May 2, 2021
Performing an autopsy on someone is like grabbing the untold stories under their skin or placing the puzzle of an unsolved death into your hands. Dr. Bennet Omalu, a Forensic Pathologist and Neuropathologist, was given an assignment at the Allegheny County coroner’s office in 2002 to examine former-NFL Pittsburg Steelers linebacker and legend Mike Webster. Omalu had never had much prior knowledge of the NFL or of the sport of football, so it became a surprise and a shock to most people when he claimed he didn’t know who Webster was.1
Omalu had no interest in watching pro football because he had already seen too many autopsies performed on NFL players, and he knew that the sport left major damages to their bodies. “There is no concept like a safe blow to the head… there’s no physician that would deny that,” said Dr. Omalu in an interview with the Physician Leadership Journal. There was never any previous set intention for Omalu to attack the NFL, or to cause conflict with them.2 What he was soon to know was that the NFL’s team of lawyers and the business itself was not something to mess with, and that they were out for blood.
Dying at the young age of fifty, eleven years after he retired from the NFL, Mike Webster’s autopsy showed that there was a noticeable amount of blemishes to the man’s body. Playing seventeen years in the NFL clearly took its toll on him; so much so that Dr. Omalu said, “If I had not been told his age, I would say he looked like 70.”3 Starting off at his cracked and misshapen feet, saying that they were “damaged” was an understatement. His family said Webster would duck tape them to suppress the damage. Stories were also told that Webster had some of his teeth fall out and instead of going to the doctor, he decided to put them back in with gorilla glue and go about his day.4
What really sprung Omalu’s interests was Webster’s receding hairline and damaged scalp. It was described as a “built up shelf of scar tissue” taken from all the head damage he had experienced in those years of football play. Omalu knew something had to have been wrong with the brain, like a serious form of dementia or something of the sort.5 He was well known for taking hits to the head, and his favorite part about football was when it was rough, muddy, and in the rain or cold. They called him “Iron Mike” as they also called the team lineup “The Steel Curtain.” In his last years, he started developing different personality traits, and wasn’t quite himself anymore. His family noticed that he became really confused when he spoke, and he also started to be less patient and more angry at simple tasks. He began living out of a pickup truck after his divorce, and couldn’t sleep for days, leading to the point to where he had a friend zap him with a taser in order for him to fall sleep.6 All this evidence left Omalu surprised when his brain didn’t have dementia or Alzheimer’s. Something wasn’t adding up. He decided to cut into the brain, and that’s when he discovered the abnormality. It was the world’s first ever confirmed case of Chronic Traumatic Encephalopathy (CTE).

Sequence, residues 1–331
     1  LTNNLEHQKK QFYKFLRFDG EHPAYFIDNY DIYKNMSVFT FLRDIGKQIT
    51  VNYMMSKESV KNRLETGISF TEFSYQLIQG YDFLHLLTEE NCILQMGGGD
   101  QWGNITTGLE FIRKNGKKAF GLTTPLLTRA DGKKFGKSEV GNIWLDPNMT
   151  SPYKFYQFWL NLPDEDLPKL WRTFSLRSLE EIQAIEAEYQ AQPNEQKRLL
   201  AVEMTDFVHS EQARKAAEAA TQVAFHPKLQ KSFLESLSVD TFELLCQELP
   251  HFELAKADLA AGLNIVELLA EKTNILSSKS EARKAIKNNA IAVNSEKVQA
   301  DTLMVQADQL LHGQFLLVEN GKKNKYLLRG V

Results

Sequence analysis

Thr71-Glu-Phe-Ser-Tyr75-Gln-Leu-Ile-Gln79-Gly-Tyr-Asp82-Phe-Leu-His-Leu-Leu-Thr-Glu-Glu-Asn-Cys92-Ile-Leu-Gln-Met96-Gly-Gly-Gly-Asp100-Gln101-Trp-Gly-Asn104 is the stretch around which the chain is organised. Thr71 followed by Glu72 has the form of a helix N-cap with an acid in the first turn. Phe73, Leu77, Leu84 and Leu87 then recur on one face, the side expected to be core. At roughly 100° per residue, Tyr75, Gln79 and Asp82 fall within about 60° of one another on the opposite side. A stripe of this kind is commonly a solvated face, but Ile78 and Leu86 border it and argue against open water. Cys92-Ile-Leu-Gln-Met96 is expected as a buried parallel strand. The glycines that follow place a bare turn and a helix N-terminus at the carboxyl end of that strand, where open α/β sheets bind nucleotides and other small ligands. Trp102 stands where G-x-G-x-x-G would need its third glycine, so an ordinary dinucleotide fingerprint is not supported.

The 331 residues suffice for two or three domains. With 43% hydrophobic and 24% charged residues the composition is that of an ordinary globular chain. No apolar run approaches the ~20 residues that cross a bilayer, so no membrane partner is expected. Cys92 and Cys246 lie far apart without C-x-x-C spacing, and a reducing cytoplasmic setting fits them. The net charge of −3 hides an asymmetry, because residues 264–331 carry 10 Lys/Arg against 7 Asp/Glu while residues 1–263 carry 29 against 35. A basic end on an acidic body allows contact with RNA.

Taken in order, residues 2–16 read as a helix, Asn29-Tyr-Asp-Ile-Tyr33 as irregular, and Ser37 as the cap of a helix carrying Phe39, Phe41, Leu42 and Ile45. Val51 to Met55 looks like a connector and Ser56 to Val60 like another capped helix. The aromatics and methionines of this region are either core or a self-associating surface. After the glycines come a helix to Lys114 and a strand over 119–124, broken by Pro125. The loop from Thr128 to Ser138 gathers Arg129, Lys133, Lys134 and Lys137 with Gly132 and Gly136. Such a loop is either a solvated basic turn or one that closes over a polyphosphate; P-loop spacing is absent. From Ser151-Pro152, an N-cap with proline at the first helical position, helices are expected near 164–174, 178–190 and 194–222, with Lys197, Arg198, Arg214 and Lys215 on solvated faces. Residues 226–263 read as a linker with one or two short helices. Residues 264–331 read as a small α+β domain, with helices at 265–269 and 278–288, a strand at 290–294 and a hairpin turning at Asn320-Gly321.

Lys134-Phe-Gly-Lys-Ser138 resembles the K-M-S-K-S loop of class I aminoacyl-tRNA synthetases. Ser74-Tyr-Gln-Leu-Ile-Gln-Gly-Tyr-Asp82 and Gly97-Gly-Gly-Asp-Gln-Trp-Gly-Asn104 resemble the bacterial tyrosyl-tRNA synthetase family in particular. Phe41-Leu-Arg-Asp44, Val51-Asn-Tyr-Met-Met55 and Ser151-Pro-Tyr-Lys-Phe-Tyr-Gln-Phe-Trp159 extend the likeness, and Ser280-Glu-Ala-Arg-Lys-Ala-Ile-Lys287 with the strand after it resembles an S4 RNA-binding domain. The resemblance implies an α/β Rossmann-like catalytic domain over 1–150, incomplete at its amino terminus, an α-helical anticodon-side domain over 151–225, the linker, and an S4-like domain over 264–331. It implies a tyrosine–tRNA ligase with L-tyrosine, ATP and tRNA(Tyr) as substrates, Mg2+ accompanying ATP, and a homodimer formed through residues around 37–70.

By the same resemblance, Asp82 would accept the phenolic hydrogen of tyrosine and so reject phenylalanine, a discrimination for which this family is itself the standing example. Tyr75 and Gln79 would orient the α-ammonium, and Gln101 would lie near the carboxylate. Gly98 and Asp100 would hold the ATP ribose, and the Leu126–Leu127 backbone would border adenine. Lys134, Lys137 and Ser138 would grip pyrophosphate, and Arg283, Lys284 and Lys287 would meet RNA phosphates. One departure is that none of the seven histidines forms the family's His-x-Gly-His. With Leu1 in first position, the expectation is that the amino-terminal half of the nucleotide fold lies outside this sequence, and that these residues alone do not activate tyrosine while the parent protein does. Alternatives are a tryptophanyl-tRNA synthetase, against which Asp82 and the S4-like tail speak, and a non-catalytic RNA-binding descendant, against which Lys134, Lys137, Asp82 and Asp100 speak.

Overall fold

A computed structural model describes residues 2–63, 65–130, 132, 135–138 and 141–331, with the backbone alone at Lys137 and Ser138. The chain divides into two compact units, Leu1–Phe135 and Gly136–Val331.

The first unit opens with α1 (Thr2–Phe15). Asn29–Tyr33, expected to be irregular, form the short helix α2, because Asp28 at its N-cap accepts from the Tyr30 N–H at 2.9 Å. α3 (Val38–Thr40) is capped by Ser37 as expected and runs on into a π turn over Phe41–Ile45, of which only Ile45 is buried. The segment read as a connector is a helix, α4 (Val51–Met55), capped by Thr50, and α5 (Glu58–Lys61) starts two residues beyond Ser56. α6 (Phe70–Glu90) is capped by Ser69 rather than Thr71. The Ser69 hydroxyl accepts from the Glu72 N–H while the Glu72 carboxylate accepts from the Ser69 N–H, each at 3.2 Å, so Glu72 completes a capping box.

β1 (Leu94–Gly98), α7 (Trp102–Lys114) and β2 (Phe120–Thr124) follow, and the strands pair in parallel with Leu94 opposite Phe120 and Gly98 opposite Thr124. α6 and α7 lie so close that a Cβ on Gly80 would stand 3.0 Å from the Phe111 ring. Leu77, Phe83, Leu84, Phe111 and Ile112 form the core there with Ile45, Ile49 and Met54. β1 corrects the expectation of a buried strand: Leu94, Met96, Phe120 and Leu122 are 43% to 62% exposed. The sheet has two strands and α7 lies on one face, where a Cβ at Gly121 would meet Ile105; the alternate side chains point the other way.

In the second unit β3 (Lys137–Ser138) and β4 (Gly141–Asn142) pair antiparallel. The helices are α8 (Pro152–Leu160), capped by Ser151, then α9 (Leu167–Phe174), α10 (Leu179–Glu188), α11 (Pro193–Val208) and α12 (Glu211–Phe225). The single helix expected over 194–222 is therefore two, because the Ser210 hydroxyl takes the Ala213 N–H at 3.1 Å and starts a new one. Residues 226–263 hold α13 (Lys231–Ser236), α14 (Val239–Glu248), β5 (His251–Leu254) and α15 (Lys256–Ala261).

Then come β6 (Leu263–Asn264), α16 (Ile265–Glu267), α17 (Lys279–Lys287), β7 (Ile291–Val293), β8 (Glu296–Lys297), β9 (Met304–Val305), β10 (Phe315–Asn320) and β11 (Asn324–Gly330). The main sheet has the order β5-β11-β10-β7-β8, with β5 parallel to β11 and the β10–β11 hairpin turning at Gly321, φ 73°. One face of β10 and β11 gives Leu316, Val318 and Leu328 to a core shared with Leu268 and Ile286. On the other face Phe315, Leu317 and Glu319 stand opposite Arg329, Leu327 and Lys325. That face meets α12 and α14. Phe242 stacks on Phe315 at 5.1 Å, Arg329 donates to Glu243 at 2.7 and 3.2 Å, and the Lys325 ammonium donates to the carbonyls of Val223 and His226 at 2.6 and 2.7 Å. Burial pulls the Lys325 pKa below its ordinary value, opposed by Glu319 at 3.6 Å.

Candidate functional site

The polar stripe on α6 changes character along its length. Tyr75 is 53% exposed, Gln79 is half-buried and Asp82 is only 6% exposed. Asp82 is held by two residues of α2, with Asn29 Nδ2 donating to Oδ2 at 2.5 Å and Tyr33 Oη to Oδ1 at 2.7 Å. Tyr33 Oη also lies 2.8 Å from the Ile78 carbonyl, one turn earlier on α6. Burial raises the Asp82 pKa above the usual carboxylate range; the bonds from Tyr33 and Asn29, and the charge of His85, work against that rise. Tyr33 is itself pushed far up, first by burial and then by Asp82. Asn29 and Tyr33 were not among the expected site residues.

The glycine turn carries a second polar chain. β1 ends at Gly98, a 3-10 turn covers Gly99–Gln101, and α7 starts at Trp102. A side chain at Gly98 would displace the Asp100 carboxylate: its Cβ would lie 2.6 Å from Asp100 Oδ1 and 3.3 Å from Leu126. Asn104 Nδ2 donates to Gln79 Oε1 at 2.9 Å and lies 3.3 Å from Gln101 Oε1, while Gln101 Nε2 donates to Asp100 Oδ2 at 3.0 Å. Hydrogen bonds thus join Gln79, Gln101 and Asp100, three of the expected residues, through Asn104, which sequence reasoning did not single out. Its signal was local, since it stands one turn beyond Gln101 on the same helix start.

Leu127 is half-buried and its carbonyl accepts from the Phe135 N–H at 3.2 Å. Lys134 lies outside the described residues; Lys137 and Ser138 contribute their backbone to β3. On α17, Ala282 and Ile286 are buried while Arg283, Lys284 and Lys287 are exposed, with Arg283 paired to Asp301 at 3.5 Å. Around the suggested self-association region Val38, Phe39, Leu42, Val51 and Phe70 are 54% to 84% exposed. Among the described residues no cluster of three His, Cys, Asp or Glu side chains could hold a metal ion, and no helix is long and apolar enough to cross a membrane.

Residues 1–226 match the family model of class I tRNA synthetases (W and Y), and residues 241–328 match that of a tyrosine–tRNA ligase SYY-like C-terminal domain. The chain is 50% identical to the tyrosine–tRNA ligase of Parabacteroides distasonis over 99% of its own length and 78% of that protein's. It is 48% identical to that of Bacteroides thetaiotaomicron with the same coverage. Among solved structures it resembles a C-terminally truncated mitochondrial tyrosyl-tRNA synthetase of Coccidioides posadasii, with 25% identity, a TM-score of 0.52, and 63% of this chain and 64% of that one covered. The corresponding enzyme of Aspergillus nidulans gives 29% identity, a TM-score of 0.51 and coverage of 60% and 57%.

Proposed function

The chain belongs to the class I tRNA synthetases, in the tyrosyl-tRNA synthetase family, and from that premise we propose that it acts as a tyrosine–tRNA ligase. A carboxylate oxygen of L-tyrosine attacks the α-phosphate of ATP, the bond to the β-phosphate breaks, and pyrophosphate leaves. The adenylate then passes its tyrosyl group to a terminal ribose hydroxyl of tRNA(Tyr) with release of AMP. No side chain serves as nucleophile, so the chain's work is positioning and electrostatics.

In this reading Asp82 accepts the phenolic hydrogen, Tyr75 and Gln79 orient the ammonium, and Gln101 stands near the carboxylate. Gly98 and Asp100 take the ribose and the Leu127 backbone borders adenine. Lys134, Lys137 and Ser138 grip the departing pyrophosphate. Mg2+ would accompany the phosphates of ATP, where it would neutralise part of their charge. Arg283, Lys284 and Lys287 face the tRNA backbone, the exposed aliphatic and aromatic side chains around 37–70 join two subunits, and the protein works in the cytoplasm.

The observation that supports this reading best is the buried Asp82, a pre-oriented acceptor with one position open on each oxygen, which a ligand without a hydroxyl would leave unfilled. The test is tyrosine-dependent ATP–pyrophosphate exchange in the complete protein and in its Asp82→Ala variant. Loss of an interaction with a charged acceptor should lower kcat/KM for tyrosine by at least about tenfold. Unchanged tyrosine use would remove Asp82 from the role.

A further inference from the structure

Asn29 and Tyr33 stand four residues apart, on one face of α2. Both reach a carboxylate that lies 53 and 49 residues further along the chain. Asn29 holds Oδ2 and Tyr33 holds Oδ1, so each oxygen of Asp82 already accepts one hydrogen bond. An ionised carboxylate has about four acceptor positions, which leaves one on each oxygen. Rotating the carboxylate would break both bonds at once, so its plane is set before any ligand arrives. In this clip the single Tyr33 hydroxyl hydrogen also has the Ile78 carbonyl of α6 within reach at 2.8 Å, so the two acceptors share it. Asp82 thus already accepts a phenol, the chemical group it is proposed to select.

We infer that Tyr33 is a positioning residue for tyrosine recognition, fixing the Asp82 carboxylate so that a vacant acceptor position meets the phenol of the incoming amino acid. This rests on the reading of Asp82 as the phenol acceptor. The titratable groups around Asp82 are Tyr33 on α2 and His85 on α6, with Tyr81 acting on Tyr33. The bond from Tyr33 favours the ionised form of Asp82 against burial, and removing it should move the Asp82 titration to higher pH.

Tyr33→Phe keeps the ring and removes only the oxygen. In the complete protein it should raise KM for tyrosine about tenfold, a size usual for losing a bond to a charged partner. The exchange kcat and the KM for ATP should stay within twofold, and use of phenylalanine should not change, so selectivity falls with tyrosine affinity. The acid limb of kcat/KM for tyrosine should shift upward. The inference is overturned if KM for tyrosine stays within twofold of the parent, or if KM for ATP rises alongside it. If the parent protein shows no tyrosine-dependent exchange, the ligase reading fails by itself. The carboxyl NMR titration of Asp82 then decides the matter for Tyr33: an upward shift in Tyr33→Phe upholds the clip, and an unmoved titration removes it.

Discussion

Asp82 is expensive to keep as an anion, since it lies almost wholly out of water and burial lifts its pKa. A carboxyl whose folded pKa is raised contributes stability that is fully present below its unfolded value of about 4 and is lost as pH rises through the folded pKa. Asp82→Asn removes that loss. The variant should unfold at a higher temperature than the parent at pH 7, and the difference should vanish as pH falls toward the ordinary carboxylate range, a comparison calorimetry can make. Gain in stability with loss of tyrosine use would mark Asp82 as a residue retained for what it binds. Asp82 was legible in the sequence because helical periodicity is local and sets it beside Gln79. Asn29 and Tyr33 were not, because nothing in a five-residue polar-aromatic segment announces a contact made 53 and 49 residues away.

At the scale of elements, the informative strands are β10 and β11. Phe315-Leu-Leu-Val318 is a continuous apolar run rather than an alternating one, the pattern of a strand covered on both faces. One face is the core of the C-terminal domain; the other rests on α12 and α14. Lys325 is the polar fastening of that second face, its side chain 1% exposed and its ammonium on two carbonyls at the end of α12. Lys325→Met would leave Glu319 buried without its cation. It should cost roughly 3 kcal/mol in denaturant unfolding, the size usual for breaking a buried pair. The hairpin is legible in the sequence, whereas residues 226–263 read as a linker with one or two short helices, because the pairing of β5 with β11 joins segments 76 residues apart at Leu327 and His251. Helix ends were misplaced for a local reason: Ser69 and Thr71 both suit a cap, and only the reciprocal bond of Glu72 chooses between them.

CTE is a life threatening brain disorder that is caused by taking hard hits to the head consistently over a period of time. It is known to cause symptoms including confusion, forgetfulness, anger, and impulsive behavior, and it can completely change ones character. It can only be diagnosed at autopsy by scientists studying sections of the brain. There has been only a small amount of research available to scientists because of limitations of access to former athletes’ brains. These symptoms correlate to those affected having earlier death rates, and it is fatal to those who have this disease.7
Omalu decided that once he completed his report on Mike Webster, he would send it to the NFL’s Mild Traumatic Brain Committee, because he assumed it would be important information that they would probably want to have. The MTBI committee was formed by the NFL to study the science behind concussions and to understand the long-term effects of players from CTE. But instead of commending Omalu’s findings, the committee called for the paper’s retraction, disputed his published work, and began to go after his career with vengeance. Their scientists discredited all of his work, claiming that he was wrong, and saying that all of his evidence was “not scientific.”8 It would be a challenge to get the word out about the dangers of CTE because the NFL held great influence in the media. “You can’t go against the NFL; they’ll squash you,” said Omalu.